Friday, April 3, 2009

Shinkenchiku Residential Design International Competition'08

CJ Lim 2nd prize

UCL’s Pro-Provost for North America, Professor CJ Lim (UCL Bartlett School of Architecture) has won second prize in the prestigious Shinkenchiku Residential Design International Competition in Japan.

The annual competition, established in 1965, is internationally renowned and has a thematic brief composed by each year’s judge.  For 2008, the brief created by eminent Spanish architect Rafael Moneo was to design a hypothetical ‘garden city’ in a configuration of four houses, in homage to the late architect John Hejduk. Hejduk was noted for his profound interest in the fundamental issues of shape, organisation, representation, and reciprocity between building and environment.

Sections through jelly lake in an over-sized bathtubs swamped by butterflies

Professor Lim’s design was inspired by Hejduk’s ‘Victims’, a book which combines fiction with architecture, spinning a narrative in which it is no longer possible to tell what is being designed: the habitat or the inhabitants, the structure or the institution. Choosing four characters from ‘Victims’, Professor Lim adapted Hejduk’s descriptions to extrapolate their individual features into the garden city. The characters were chosen for their spatial potential as well as their architectural contribution to the site.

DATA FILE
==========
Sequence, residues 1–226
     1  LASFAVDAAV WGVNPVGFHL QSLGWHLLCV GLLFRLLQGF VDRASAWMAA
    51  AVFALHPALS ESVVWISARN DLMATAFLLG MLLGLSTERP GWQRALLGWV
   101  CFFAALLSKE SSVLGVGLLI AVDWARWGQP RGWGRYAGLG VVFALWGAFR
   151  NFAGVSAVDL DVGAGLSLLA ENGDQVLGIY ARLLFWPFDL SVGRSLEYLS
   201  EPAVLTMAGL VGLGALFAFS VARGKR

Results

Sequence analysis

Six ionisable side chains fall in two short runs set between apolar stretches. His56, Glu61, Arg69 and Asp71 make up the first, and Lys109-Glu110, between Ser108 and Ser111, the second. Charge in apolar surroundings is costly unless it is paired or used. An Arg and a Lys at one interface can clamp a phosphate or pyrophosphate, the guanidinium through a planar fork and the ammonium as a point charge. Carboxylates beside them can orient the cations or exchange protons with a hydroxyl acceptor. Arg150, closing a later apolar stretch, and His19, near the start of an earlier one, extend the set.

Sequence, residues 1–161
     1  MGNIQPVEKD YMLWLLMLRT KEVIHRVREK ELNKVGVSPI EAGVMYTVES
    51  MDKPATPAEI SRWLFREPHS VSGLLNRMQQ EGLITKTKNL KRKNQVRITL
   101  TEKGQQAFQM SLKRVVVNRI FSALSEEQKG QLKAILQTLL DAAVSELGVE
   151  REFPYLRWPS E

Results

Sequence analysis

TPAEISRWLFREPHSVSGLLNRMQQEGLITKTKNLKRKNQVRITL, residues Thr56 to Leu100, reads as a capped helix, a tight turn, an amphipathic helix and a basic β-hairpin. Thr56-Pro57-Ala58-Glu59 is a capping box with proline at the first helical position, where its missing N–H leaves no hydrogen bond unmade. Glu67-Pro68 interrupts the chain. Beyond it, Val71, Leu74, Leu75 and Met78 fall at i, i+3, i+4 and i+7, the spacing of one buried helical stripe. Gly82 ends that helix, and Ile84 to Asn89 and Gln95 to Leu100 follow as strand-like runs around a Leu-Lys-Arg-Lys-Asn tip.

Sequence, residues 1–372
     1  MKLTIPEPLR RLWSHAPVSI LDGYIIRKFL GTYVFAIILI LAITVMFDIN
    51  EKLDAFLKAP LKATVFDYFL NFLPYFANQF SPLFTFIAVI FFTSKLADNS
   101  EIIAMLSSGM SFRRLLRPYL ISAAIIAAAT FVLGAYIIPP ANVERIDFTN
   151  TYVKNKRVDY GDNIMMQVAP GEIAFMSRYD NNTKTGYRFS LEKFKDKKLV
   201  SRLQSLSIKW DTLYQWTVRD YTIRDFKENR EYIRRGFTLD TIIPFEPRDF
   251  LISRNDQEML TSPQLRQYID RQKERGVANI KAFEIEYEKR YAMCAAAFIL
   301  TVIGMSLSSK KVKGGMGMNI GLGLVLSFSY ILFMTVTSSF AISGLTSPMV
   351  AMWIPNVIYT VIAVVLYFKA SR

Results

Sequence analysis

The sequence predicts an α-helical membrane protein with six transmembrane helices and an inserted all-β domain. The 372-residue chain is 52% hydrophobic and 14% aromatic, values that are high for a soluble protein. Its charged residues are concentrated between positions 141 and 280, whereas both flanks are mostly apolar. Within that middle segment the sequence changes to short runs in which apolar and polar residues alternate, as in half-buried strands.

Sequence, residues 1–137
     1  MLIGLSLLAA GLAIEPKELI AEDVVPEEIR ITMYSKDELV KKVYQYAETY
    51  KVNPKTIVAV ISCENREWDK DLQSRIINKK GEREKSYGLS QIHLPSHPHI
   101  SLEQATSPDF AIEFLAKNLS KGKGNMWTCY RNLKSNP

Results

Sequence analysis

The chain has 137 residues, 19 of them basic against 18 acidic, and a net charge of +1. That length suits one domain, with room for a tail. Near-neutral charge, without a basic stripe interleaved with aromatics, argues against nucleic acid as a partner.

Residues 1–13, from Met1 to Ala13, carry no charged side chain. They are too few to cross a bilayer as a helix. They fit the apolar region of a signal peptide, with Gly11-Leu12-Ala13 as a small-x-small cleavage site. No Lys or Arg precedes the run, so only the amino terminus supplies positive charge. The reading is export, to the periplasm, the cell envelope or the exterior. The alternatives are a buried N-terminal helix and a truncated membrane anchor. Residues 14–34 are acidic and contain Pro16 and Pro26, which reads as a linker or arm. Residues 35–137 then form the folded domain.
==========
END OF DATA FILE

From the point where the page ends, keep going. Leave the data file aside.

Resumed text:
For example, in ‘Child’ Hejduk writes about ‘the wonder of receiving a clear empty jelly jar at the age of six’. Professor Lim adapted the motif of the jelly into an architectural form - a liquid jelly lake garden which, by its texture and smell, also contributes to the experiential dimension of the site. Similar transformations occur with the ‘Crochet Lady’: sitting in Hejduk’s ‘suspended chair’, she crochets. In the design, the chair becomes an elevated fireplace with a slender chimney and the emblem of the crochet offers a source of light. 

Each feature is highlighted in the architectural project on the grounds of its metaphoric potential. Hejduk’s ‘Stampman’ places stamps in bowls of water, before storing them between the pages of notebooks. In Professor Lim’s interpretation, stamps are placed in the jelly lake and then on reeds to create ‘stamp flowers’. 

Professor Lim’s design sets out to play with notions of inside and outside, the material and the immaterial. The design responds faithfully to Hejduk’s dictum that ‘the form of the four houses is invisible, and is described only by memory of passing time and of heat and smell’. 

  down: The field of adaptation of John Hejduk’s ‘Victims’                                   up: Sections through jelly lake in over-sized bathtub

Below, the project I present. Still haven't read or see the images of the 1st prize, but CJ Lim's idea is great...!

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